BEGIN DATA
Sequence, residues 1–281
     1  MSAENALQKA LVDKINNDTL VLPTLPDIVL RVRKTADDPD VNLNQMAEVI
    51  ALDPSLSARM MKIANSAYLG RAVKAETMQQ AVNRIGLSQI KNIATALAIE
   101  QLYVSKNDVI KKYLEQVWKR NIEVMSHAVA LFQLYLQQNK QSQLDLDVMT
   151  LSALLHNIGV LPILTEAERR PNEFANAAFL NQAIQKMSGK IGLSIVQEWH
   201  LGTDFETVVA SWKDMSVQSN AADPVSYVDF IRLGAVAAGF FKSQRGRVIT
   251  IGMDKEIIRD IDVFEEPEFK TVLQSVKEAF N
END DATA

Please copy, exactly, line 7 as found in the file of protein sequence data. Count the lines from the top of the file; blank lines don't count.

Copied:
   251  IGMDKEIIRD IDVFEEPEFK TVLQSVKEAF N